Jun 222007

What An Ugly Way to Use Email

What An Ugly Way to Use Email

From our friend Andy Sernovitz comes this tale of horror about how Vonage is using viral email.  Talk about creating NEGATIVE word of mouth.  Yikes!  This qualifies Vonage for my customer service Hall of Shame with Verizon, United Airlines, WebEx, and FedEx/Kinko’s.

Thanks to my colleague Margaret Farmakis for the inspired headline.

Nov 172006

For Whom the Bell Tolls, Part II

For Whom the Bell Tolls, Part II

Two years ago, when we got Vonage at home, I blogged raves about the service, which I continue to believe today (although I do hear mixed reviews of it from time to time, depending on the user-in-question’s internet connection).  And I blogged about Skype when I started using that last year.  The theme of both posts was a big “uh oh” to phone companies everywhere.

So let me add another note on this theme.  I spent some time yesterday at the offices of Skype, now a client of ours.  From the minute I walked in the door, something seemed odd about the office.  I couldn’t put my finger on it, there just seemed to be something missing.  Then it occurred to me — no phones.  Literally, I couldn’t see a single one.  The receptionist did have one for incoming calls and routing, and she said she thought there were one or two other ones in the entire office.  Everyone is happily on Skype.  Skype In, Skype Out, video Skype, plain old Skype.  It was a beautiful thing — not to mention extremely cost-effective.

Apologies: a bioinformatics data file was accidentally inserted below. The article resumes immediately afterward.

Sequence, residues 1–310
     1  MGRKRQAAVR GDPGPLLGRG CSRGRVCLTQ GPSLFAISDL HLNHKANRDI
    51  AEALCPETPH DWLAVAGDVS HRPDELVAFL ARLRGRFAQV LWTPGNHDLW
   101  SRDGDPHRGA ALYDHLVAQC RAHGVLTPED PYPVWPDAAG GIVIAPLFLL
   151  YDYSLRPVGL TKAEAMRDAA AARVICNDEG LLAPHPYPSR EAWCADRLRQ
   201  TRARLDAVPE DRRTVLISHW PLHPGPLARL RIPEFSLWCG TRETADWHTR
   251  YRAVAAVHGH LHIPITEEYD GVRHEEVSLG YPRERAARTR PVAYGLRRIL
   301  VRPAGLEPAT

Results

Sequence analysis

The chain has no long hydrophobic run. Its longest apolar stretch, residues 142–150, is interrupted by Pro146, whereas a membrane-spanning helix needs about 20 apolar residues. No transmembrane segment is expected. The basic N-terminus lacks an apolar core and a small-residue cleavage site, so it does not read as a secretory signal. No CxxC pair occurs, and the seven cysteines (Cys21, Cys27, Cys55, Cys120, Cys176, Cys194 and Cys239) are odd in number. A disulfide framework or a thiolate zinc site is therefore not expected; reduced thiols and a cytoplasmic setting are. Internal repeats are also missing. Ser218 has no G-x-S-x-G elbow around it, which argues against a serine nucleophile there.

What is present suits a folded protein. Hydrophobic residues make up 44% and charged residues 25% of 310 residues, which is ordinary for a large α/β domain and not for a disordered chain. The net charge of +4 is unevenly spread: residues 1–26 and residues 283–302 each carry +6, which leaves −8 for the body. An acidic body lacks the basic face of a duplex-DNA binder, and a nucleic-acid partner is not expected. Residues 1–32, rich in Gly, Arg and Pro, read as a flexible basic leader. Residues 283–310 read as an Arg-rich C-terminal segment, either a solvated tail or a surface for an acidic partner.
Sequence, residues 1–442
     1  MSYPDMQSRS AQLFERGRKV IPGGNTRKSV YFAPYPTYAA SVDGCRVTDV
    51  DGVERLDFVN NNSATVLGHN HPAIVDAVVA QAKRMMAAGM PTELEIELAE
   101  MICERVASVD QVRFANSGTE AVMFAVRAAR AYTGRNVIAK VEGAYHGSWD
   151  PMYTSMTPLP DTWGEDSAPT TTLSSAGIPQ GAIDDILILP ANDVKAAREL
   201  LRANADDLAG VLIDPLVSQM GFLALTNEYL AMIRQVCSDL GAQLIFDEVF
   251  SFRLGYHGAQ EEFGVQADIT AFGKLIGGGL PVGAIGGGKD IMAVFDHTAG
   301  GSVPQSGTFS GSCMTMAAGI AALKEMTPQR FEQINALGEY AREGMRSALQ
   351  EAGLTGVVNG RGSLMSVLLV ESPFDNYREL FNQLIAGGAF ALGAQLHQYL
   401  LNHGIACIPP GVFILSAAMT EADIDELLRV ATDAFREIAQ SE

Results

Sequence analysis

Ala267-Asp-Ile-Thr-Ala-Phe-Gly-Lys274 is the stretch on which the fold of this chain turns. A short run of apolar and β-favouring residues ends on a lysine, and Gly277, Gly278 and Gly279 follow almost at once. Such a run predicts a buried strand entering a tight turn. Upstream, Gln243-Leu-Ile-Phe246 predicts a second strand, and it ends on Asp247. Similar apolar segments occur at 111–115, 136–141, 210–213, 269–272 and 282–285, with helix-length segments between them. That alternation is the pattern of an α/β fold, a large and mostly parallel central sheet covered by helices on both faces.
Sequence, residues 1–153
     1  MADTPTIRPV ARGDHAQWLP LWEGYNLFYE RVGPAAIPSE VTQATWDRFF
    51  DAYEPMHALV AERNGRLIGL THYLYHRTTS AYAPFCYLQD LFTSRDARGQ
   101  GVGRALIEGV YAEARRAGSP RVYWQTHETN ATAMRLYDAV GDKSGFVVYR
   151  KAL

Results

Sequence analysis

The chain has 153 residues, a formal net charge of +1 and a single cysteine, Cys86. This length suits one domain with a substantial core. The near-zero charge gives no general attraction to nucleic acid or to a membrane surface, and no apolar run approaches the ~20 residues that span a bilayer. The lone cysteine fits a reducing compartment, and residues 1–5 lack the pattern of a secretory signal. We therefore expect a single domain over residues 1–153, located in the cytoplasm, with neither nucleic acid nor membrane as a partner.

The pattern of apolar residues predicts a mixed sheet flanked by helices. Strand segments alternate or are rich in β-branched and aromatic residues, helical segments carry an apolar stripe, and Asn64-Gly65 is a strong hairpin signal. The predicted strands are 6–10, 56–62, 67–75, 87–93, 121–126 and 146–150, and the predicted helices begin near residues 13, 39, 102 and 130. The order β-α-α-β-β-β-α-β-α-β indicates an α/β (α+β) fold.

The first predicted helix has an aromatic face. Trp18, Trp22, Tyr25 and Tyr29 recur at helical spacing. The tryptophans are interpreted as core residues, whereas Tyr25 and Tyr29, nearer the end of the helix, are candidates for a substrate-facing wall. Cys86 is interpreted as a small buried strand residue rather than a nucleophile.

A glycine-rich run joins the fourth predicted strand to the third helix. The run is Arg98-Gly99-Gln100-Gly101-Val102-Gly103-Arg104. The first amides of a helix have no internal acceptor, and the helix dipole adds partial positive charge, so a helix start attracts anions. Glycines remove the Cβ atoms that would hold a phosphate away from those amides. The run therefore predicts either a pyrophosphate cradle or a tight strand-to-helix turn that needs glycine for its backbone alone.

Now I can’t wait for the team at Skype to figure out how make a true Skype mobile phone to marry VOIP with high-speed wireless.  Then I can be released from exorbitant cell phone charges.

To Ma Bell…and all of your offspring who specialize in overcharging customers and then providing them with horrendous customer service…you’re really on the path to being marginalized.  And good riddance, I say.

Filed under: Current Affairs, Email

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Nov 092006

Get a Phone!

Get a Phone!

An emerging pet peeve of mine (which I’m feeling acutely at this precise moment) is people who do job interviews on a cell phone.  I understand that lots of people today, especially younger people, don’t have land lines, only cell phones.  They’re welcome to do that, although why someone wouldn’t get Vonage for $15/month, I’m not sure.

The reality is that cell phones in this country still get poor reception half of the time.  How can you conduct a job interview and expect to be taken seriously if the person interviewing you can’t hear you and has to keep asking you to repeat yourself?  It’s as if you showed up for a job interview wearing a suit jacket with a bathing suit.  You’d just never do it.  Find a real phone somewhere that you can borrow.  Get Vonage.  Make sure you show up in person.  Something other than a cell phone, please.

Filed under: Leadership

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Jan 172005

For Whom the Bell Tolls, Part III

For Whom the Bell Tolls, Part III